I look forward to this series; I really hope putting it all out there changes my financial picture. I hope to learn and grow my knowledge to lead my family and better teach my children so they do not make the same mistakes I have made.

Feedback from Jeff Rose, CFP

Jeff Rose offers his insights on dropping to one income, ideas for earning from home and concerns about the emergency fund. Jeff also takes a look at the number of credit cards Brian has, and voices his concerns about that situation — even though Brian doesn’t usually carry a balance.

Feedback from Luke Landes

First, congratulations on the addition to your family!

In the video, Jeff did a great job of addressing some of the same questions I have. One thing jumps out at me right away when I look at your income statement — which in your case is more like a cash flow statement. If you didn’t have those debt obligations, you wouldn’t have been in the red in October, November, and practically December. But that mortgage that takes up the bulk of your debt service won’t be going away any time soon, so that’s understandable.

Although you did increase your net worth by 18 percent over the last year leading up into Naked With Cash, it’s this cash flow that I see causing a problem for you. If life goes smoothly, you’ll get by. I’m sure I don’t need to tell you that with a baby, life is unlikely to go smoothly all the time. Your savings may not “save” you when you need it, and I’d hate to see you turn to a 401(k) loan.

You’re not in much danger. You have marketable skills, you have good credit from what I can tell, and you even have some home equity that you could tap into in an emergency situation. As you stated in your introduction, your goals this year are to save more money and pay down debt (and despite your credit card balances, as I understand it, you pay them in full every month). How do you plan about reaching those goals? Do you foresee a reduction in expenses?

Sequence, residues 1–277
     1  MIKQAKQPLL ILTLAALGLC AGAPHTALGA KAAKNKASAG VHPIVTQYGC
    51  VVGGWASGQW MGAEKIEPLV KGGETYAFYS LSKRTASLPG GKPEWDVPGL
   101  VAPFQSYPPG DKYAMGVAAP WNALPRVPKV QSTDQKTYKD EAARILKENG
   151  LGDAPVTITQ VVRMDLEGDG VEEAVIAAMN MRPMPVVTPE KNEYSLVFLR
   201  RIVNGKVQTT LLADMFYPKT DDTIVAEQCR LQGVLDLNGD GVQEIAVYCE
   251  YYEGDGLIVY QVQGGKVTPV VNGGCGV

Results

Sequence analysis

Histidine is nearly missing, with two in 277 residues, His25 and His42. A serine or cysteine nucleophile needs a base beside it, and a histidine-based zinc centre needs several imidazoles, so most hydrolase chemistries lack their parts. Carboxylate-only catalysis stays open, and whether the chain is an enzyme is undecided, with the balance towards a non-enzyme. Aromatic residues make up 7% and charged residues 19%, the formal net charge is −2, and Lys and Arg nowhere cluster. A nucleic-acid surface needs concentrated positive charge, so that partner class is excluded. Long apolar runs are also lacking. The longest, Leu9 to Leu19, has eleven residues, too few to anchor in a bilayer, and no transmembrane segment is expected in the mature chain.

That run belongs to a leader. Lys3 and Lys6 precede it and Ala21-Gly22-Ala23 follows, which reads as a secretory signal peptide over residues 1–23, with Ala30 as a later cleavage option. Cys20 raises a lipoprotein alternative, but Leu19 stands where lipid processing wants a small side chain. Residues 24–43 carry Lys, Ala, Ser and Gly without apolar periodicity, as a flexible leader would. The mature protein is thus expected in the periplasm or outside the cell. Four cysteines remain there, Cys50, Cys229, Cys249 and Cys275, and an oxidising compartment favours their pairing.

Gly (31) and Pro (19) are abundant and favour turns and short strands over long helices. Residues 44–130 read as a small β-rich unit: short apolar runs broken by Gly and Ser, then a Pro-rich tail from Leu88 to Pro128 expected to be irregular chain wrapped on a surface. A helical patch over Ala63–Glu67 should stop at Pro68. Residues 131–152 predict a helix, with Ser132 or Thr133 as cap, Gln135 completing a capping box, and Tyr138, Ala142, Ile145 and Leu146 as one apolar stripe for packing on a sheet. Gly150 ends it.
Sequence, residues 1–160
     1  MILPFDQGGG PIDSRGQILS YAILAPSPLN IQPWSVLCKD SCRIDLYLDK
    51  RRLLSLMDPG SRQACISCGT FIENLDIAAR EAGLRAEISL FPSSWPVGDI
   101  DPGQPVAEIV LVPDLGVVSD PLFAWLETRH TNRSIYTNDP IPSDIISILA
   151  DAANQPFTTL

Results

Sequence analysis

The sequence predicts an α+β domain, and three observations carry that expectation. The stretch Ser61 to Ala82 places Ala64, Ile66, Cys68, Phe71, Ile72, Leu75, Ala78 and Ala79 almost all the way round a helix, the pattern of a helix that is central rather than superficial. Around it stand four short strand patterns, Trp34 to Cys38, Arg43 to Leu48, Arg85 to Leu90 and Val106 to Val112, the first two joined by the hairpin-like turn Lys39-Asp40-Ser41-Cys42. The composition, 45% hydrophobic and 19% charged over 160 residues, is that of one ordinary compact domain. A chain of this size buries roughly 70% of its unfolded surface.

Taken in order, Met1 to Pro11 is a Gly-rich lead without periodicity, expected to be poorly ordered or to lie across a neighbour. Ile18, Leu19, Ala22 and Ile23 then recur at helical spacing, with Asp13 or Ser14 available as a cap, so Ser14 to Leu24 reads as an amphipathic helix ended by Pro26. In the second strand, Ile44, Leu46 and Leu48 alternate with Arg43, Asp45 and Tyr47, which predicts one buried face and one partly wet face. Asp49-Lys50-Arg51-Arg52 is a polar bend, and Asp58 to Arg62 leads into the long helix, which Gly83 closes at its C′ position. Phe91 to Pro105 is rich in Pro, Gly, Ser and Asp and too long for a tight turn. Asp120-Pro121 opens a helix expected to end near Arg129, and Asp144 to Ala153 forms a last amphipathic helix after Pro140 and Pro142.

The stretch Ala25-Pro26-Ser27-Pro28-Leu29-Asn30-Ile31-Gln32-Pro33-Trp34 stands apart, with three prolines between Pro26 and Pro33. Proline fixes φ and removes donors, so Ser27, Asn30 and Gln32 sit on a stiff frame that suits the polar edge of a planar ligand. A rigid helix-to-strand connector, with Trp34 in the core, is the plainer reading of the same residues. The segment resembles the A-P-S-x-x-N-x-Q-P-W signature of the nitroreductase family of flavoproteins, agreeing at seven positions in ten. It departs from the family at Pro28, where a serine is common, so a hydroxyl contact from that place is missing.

Why did the value of the Elantra go up in the past month? What’s your method of assigning values to your vehicles?

It would be interesting to hear more about your long-term goals, as well. What do you and Sarah want to do with your lives as you progress through your career? What are you passionate about? What kind of life do you want to live?

Updated January 31, 2014 and originally published January 29, 2014.

Email Email Print Print
About the author

Luke Landes is the founder of Consumerism Commentary. He has been blogging and writing for the internet since 1995 and has been building online communities since 1991. Find out more about Luke Landes and follow him on Twitter. View all articles by .

{ 10 comments… read them below or add one }

avatar 1 Anonymous

The net worth row in the net worth statement seems wrong, seems like you are summing assets and liabilities. Example $286k assets, $154k liability should be $132k net worth not $441k!

Reply to this comment

avatar 2 Luke Landes

Good catch! I fixed the formulas and we’re good to go.

Reply to this comment

avatar 3 Anonymous

You’re welcome! Too bad for Brian though, his net worth took a hit :)

Reply to this comment

avatar 4 Anonymous

DId their 401k go way down from last year or was there a withdrawal?

Reply to this comment

avatar 5 Luke Landes